A “cryptocurrency” is a combination of two words, including “cryptography” and “currency”. We call them cryptocurrencies because they’re digital tokens that can transfer value – like currency – while also being cryptographically secured.
Let’s break the word down into its two separate components:
Cryptography comes from the Latin word kryptos, which means “to hide”. “Graphy”, meanwhile, comes from the word graphie in French and German, which refers to the process of writing. That means cryptography roughly translates to “the process of writing in a hidden way.”
In ancient and medieval times, “crypts” were hidden beneath the ground to store things of value.
Today, cryptography is an entire field of study. You can read textbooks on cryptography. You can devote your life to researching cryptography. You can get a degree in cryptography.
Modern cryptography is more advanced than it’s ever been at any point in human history. Today, cryptography is the science of writing codes that can be decoded by someone with special access. Modern cryptography originated during World War II, when world powers depended on cryptography to keep radio signals safe. Radio signals could be intercepted by anyone with a receiver, but encrypted radio traffic was meaningless without a decryption key.
Currency is a monetary token that can be used to store wealth or transfer value. You can hold your wealth in a currency like the US Dollar, for example, or buy a croissant in Paris using the Euro.
As human society developed, the need for a standard exchange unit became increasingly apparent. In ancient times, we relied on the barter system to exchange value. Someone might trade 10 goats for 1 cow, for example. Today, we use currency to complete a similar transfer of value.
For much of human history, our currency had inherent value. Ancient civilizations used gold and silver coins, for example. These gold and silver coins had inherent value: you could melt the coins into gold and silver to capture that value. Over time, countries realized it wasn’t ideal to walk around with thousands of heavy gold coins in your pocket, so they began introducing paper notes. Between 1882 and 1933, for example, the United States used gold certificates as paper currency. These certificates were freely convertible into gold coins. Eventually, the currencies on many major world powers were backed by the value of gold. They were “gold backed” currencies.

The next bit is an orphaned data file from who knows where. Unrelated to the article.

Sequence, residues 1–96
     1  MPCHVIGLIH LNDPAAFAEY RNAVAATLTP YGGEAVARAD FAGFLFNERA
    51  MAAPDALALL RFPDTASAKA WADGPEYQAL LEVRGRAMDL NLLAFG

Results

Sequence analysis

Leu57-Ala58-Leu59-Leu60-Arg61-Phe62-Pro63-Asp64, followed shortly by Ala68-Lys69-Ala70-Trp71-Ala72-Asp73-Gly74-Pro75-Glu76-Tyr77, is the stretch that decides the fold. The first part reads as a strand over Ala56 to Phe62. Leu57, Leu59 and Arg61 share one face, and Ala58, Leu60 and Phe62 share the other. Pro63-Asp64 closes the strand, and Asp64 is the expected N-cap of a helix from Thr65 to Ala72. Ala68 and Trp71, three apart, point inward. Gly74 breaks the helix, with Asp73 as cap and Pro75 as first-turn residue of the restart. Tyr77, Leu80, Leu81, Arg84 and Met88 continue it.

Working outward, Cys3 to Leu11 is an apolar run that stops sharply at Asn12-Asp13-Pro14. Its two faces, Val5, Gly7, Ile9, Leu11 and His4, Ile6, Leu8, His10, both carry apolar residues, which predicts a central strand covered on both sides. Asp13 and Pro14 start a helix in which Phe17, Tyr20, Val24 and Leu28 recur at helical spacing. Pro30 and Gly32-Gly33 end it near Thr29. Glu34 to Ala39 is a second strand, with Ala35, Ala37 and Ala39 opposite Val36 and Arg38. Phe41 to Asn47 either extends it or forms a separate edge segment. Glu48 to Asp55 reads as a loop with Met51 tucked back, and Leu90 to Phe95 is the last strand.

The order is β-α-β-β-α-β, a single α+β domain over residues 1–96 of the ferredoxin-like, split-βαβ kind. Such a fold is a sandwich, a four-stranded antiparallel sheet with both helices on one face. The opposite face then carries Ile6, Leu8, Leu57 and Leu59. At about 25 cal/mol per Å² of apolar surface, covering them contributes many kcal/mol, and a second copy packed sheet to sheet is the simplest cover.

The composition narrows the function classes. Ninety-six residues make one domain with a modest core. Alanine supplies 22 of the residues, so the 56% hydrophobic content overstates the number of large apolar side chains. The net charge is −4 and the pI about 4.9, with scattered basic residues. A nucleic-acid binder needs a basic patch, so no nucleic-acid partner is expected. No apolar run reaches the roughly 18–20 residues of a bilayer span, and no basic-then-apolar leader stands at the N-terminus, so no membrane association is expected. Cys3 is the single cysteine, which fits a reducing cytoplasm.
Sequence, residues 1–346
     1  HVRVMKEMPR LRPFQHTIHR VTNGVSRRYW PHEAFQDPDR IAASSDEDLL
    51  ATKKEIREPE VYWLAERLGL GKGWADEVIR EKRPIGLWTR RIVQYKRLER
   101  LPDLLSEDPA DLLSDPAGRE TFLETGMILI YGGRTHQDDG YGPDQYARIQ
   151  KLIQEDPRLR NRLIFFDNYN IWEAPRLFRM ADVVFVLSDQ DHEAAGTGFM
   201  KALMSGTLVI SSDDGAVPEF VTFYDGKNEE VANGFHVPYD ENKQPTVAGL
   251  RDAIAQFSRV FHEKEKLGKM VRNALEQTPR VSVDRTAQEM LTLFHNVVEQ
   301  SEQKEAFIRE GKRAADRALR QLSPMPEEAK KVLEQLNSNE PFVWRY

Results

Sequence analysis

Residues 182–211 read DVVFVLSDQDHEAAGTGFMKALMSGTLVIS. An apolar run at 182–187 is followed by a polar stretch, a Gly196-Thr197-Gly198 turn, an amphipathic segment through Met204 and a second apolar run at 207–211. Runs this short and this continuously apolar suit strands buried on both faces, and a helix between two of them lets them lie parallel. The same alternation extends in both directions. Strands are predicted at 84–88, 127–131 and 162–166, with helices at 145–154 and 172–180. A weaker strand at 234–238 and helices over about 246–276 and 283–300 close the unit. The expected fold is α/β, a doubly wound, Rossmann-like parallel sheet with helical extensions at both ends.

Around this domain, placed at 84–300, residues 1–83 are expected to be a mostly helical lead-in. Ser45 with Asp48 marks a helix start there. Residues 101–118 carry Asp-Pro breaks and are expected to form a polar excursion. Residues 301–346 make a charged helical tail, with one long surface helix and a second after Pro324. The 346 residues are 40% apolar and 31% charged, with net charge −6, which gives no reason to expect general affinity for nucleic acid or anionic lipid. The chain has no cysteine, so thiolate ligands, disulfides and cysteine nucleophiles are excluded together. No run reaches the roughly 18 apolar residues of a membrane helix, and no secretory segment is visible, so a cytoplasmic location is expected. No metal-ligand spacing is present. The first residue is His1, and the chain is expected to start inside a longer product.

In the 1970s, things changed. Under the Bretton Woods agreement, countries decided to abandon the gold standard. Overnight, currencies like the US Dollar and Great Britain Pound became backed by no physical material. At this point, these currencies became “fiat” currencies. Fiat is the Latin word for “by decree”. These currencies had no inherent value. Their value came “by decree” from the government.
The departure from gold-backed currency is one of several factors that played a role in the invention of cryptocurrencies.
The Invention of Cryptocurrencies
During the 1990s and early 2000s, countless companies and individuals were trying to take advantage of the potential power of the amazing new invention called the internet. Long before bitcoin was invented in 2008, others had tried – and failed – to launch a secure, electronic type of money.
There were varying degrees of success. Computer scientist Nick Szabo, for example, created “Bit Gold” in 1998. Today, Bit Gold can be seen as a direct precursor to bitcoin’s architecture – although the project was never launched.
Meanwhile, in 2004, American computer scientist Hal Finney published the first proof of work-style algorithm online.
The first official cryptocurrency, however, appeared online in 2008 when Satoshi Nakamoto published his bitcoin whitepaper. That whitepaper explains the basic functions of bitcoin and how it worked. By January 2009, Satoshi Nakamoto’s bitcoin network had launched. It’s been running ever since.
As of 2018, there are 2000+ cryptocurrencies. Bitcoin continues to be the largest and best-known cryptocurrency – but it’s far from the only one. Bitcoin opened the floodgates to a new world of financial innovation.
The person credited with inventing the World Wide Web, Tim Berners-Lee, is a known public figure who had a proven impact on the world. He created the World Wide Web and look where we are today.
Satoshi Nakamoto may have a similar impact on society – but we may never know his, her, or their identity.
Satoshi published the bitcoin whitepaper online in October 2008. By January 2009, the network had launched, and Satoshi continued to actively develop the project. Satoshi held control over the bitcoin code repository, the Bitcoin.com domain, and other data related to the development of bitcoin. In 2011, however, Satoshi stopped contributing to the project and handed all development materials to another programmer. Satoshi never publicly contributed to the project again.
The mystery of Satoshi Nakamoto is one of the most intriguing parts about bitcoin. We’ll talk more about Satoshi Nakamoto’s identity later in this chapter.